Most significant matchmakers have something that no traditional business has — an elaborate governance system of laws, enforcement, and penalties to keep their participants in line. In 2009 a fifth of Facebook’s employees were “policemen” patrolling the site for naughty stuff (we suspect the proportion is much lower today and the problem much greater). And there’s a Google Jail, at least that’s what its prisoners call it, where websites that game the search algorithm are sent to do time. And Apple hands down death sentences to apps that violate its rules or that it just doesn’t like very much.
These matchmaker businesses are extending their tentacles all through the economy. Platforms are being erected on top of platforms that are being erected on top of platforms. Android, for example, is a platform for users, developers, and handset makers. Uber’s platform for connecting drivers and passengers is built on top of Android (as well as the iPhone). And now Uber is building a platform on top of Uber that connects drivers, restaurants, and people who want a take-out meal.
The matchmaker business model is hardly new. Visa will turn 50 this year, the London Stock Exchange is more than 200 years old, and the Grand Bazaar in Istanbul more than 500. Today, though, matchmakers are turbocharged — powered by the cloud, broadband, microprocessors, software, and other modern technologies. Companies like Uber wouldn’t exist, for example, without the development of mobile broadband, mobile software platforms, and the internet.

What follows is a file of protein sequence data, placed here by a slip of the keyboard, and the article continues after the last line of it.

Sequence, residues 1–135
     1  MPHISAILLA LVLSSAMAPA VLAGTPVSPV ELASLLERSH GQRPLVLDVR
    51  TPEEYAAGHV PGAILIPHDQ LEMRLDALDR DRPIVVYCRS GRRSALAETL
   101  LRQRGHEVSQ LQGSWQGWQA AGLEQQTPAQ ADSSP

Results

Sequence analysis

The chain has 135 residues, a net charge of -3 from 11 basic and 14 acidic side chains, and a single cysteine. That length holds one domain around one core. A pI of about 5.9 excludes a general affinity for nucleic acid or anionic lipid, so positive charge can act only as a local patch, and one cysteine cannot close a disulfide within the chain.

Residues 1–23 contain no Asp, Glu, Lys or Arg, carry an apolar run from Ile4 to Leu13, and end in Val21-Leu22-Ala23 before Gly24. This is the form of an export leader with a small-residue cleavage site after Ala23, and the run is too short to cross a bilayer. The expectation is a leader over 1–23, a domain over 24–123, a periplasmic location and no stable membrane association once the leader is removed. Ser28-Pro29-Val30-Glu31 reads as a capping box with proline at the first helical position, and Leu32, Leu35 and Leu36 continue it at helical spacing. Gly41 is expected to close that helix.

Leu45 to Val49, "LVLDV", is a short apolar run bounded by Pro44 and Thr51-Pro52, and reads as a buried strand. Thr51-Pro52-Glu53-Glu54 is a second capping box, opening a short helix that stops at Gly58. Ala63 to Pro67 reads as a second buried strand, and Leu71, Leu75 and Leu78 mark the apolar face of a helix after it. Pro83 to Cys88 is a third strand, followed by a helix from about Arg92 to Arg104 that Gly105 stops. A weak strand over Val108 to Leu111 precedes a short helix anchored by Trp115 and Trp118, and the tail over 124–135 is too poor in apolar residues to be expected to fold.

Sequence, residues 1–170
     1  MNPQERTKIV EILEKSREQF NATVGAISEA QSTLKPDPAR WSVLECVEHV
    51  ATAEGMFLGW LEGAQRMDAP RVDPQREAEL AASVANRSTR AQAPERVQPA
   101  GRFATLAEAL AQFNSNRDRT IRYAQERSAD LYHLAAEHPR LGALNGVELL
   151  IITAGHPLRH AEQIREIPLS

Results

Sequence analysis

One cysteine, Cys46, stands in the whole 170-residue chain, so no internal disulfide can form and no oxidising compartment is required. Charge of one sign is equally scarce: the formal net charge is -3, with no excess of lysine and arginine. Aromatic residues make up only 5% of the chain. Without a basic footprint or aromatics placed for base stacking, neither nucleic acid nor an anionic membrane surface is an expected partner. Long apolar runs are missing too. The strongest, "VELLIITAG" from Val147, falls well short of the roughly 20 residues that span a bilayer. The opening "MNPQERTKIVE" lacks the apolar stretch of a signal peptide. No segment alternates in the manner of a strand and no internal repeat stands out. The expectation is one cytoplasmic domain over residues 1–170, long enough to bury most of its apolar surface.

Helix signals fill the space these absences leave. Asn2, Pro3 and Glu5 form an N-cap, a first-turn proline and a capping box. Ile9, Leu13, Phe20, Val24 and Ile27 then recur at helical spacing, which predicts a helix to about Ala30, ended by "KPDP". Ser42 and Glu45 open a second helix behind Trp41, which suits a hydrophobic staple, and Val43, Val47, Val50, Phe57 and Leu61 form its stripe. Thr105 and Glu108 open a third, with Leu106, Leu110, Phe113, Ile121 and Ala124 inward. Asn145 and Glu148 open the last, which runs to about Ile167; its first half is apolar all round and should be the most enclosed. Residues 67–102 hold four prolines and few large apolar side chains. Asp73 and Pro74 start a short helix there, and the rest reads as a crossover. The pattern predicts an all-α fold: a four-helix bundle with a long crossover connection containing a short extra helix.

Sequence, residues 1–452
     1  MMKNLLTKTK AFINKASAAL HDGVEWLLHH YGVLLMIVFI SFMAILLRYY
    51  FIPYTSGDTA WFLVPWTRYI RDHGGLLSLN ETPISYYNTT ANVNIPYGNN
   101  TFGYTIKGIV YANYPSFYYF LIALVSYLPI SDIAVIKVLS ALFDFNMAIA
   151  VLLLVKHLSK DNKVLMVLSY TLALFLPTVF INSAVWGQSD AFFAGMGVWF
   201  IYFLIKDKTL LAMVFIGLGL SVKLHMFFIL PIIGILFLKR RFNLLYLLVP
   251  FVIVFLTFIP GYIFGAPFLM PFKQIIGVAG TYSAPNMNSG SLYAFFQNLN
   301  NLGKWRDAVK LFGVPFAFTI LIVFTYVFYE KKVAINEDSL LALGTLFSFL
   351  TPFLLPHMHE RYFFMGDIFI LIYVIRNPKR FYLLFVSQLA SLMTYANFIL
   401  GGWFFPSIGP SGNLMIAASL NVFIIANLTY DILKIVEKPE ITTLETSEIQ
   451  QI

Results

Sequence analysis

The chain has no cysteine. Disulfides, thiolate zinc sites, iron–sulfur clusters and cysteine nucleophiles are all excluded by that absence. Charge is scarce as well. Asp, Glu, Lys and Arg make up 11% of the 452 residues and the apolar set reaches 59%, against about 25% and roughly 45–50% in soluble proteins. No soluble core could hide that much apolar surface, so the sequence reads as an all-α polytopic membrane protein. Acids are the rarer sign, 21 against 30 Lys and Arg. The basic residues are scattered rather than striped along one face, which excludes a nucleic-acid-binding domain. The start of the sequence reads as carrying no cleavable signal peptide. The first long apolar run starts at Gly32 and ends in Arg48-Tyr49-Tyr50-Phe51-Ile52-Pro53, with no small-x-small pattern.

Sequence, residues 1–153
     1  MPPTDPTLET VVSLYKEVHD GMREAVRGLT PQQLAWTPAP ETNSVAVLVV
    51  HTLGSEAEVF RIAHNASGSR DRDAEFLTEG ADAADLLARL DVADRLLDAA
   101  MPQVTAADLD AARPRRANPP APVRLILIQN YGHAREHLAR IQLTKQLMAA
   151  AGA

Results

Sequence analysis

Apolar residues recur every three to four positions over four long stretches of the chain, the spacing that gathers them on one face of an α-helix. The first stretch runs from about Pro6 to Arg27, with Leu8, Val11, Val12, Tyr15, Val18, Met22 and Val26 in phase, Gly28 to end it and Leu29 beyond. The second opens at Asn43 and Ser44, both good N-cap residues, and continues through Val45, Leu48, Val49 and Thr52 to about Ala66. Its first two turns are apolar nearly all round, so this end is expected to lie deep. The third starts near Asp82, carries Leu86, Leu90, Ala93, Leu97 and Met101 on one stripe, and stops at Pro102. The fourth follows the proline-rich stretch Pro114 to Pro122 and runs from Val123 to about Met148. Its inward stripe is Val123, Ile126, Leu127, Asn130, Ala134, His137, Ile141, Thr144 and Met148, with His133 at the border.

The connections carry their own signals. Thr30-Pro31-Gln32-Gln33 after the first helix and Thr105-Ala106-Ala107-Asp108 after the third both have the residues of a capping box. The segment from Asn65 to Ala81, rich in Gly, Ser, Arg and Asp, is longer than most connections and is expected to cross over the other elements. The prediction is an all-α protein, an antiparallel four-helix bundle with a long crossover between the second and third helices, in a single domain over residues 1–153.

These turbocharged platforms, boosted by other turbocharged platforms, are marching around the globe, trampling both traditional businesses and older platforms. No business is safe in the path of this most recent gale of creative destruction.
In Kenya, the M-PESA mobile money platform is leapfrogging traditional banking and payment cards. Around 90% of adults use it to transfer money, and many use it for savings, borrowing, and other services.
Airbnb, which seems to have come out of nowhere, is challenging the global hotel industry. It has 1.5 million rooms, making it larger than Marriott.
Once impregnable platforms, like Microsoft Windows, are in decline. PC sales declined by 10% last year, reflecting the rapid move to mobile app platforms like Apple’s iOS and Google’s Android mobile operating systems and app stores.
Whether you are an investor, an entrepreneur, a worker at a traditional firm, or an established platform, you will need to learn what the oldest business model, newly turbocharged, means for you.
We bring to bear great optimism that the turbocharged matchmakers will power a gale of creative destruction that will sweep across the economy and produce great social value. But our views are tempered with realism that most who try this business model will fail miserably, after burning through mountains of cash. Some of the copycat “Uber for Something” companies will revolutionize industries, but most, like Shuddle, the ride-sharing service for kids, will close down, and become the “Uber for Nothing.”
This digital article is adapted from Matchmakers:
David S. Evans is an economist, business adviser, and entrepreneur. He has done pioneering research into the new economics of multisided platforms. He is the co-author of Matchmakers: The New Economics of Multisided Platforms.
Richard Schmalensee is the Howard W. Johnson Professor of Management and Economics, Emeritus, at the Massachusetts Institute of Technology. He served as the dean of the MIT Sloan School of Management for nine years and as a Member of the President’s Council of Economic Advisers. He is the co-author of Matchmakers: The New Economics of Multisided Platforms.